Ellsworth’s new Evolve sst.2 is proof, if it were needed, that big wheels and a short travel suspension chassis can create a thrilling high-speed trail combo without having to carry a heft penalty. Tipping the scales at 11.97kg (26.4lb) without resorting to big money top-end carbon widgetry, our test build is as agile and refreshing to ride up climbs as it is to blast the sort of raggedy trails that are usually the domain of far heavier-duty, longer-travel machines.
Ride & handling: Lively technical singletrack handling
Bigger wheels roll smoother, so demand less suspension travel. The Evolve is very much like Ellsworth’s longer travel Epiphany in its ride personality. A four-bar linkage Instant Centre Tracking frame design makes full leverage use of its longer than average rocker conﬁguration and Fox RP23 Boost Valve shock. This frame creates a ride that’s incredibly plush for a 100mm (3.9in) travel bike, without suffering from squat or bob under heavy braking and power pedalling.
In short, the back end remains ﬂuid over even the smallest trail ripples. There’s never an obvious feeling of power loss through the pedals, and bigger hits are absorbed smoothly without feeling that you’re at the end of the travel. Only the dirt lines on the shock will tell you that you’ve been using everything on offer.
Frame geometry is steeper than most (74 degrees seat/72.5 degrees head). But this combines well with the easier roll and extra traction of big wheels and tyres to create livelier technical singletrack handling than on most 29ers, at high and low speeds. That said, we found the best suspension set-up to be slightly softer at the back than up front.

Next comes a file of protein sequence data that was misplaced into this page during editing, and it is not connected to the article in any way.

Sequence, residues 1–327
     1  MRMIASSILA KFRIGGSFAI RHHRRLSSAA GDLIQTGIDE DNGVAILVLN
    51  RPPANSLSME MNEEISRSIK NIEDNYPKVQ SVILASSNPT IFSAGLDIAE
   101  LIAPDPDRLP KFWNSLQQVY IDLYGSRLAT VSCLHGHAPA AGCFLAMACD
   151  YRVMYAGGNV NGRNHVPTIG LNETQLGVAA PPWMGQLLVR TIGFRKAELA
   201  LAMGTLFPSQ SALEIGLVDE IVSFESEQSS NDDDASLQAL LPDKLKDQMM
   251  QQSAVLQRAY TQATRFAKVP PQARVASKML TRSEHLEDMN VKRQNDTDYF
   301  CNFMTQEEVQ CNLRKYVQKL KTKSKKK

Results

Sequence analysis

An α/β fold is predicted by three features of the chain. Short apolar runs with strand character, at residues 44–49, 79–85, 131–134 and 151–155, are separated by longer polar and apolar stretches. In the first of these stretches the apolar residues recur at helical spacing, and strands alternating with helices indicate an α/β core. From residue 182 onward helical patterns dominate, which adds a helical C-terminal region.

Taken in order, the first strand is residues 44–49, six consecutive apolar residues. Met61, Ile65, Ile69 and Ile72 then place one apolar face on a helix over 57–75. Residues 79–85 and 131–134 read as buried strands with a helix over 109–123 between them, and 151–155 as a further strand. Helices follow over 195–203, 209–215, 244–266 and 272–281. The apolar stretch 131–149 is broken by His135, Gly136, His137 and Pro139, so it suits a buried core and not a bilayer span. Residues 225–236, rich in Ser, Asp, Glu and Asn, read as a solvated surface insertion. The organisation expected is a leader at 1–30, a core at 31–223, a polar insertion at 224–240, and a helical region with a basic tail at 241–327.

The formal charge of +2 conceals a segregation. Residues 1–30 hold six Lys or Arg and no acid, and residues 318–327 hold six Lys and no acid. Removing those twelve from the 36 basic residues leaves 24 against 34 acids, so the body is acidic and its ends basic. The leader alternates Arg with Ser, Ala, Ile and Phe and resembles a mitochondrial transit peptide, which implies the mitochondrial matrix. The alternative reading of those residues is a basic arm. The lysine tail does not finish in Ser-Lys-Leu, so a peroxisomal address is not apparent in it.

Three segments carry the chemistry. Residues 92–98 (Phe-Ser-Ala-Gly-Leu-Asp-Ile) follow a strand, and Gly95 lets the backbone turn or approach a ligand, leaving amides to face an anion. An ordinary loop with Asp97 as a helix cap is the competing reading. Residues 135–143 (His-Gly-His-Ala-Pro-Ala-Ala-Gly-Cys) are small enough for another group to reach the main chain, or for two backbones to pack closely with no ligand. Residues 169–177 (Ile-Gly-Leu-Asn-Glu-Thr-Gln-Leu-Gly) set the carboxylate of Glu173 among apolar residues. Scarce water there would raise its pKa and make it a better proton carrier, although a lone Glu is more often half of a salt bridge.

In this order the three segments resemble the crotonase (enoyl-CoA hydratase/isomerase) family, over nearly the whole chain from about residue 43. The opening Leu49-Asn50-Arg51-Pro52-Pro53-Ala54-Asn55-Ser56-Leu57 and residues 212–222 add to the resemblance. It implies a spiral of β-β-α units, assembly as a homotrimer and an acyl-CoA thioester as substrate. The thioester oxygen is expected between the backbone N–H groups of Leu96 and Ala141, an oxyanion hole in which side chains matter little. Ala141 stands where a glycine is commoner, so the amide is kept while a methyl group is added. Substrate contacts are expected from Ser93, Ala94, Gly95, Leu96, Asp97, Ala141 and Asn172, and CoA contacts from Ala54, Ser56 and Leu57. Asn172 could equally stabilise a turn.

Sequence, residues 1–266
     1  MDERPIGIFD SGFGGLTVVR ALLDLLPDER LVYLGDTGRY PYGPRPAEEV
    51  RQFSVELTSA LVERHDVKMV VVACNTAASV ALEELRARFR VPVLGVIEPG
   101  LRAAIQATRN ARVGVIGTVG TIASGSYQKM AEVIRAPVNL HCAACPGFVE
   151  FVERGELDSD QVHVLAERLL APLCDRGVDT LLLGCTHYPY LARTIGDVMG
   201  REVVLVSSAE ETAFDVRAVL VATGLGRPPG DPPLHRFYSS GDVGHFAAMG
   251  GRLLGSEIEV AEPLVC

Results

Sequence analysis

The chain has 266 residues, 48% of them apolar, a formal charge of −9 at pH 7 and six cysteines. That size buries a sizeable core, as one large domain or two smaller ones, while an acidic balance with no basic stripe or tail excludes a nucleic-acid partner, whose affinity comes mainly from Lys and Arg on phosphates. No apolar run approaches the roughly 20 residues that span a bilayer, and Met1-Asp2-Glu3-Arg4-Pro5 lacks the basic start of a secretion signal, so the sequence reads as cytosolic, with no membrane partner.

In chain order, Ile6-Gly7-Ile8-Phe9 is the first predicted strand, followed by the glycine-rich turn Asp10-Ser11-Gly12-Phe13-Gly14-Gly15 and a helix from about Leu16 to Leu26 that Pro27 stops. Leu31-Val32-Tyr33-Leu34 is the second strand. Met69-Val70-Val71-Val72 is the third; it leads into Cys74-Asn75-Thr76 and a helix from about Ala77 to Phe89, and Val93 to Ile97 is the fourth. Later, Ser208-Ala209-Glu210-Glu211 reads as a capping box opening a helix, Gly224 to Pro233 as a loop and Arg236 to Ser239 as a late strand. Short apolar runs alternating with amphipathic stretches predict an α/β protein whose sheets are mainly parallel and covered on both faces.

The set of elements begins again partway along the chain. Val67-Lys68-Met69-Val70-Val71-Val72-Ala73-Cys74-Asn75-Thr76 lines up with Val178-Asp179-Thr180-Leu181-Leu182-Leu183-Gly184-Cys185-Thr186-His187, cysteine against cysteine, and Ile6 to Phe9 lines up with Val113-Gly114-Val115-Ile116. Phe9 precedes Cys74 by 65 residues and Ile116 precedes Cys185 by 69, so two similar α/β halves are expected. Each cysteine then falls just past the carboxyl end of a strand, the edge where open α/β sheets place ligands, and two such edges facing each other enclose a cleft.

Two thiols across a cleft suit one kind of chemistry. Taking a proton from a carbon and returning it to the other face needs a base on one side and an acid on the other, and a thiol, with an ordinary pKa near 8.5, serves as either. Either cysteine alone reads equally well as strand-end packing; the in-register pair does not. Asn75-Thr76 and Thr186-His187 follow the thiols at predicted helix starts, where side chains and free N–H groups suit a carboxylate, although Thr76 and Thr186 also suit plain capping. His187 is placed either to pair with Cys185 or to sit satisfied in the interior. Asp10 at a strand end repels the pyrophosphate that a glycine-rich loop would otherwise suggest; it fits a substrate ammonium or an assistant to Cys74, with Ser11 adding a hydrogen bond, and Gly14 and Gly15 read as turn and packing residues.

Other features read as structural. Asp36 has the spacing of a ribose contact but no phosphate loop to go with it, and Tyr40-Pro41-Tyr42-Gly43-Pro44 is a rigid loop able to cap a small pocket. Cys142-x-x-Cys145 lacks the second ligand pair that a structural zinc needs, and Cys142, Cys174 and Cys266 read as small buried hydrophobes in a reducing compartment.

Frame: Evolve’s signature looks are retained
This is the second incarnation of the Evolve. The distinctive low top tube and long rocker still stand proud, but the down tube takes on a more swoopy form. A new lighter seat tube also incorporates the big rocker pivot and the graphics are more subtle. A new semi-integrated tapered stubby (to keep the front low) head tube makes for a very precise steering feel, obviously assisted by the inherent stability of a 100mm (3.9in) travel through-axle fork.
There’s more mudroom around the rear tyre than on older Ellsworths, and the geometry is long and steep, so you can use a 100mm travel fork if you like lively, almost cross-country handling, or use a 120mm (4.7in) fork to make things more relaxed. Any longer would jack up the front end and bottom bracket too much.
Equipment: Different build kits at various prices
UK importers Haven Distribution offer different build kits at various prices. We equipped our test bike with a mix of relatively light parts that would enable us to get the best out of the frame up and down trail loops in our local woods. We’re very impressed with the supple trail performance and extensive ﬁne adjustment potential of Marzocchi’s new Bomber 44 Micro Titanium 29er fork.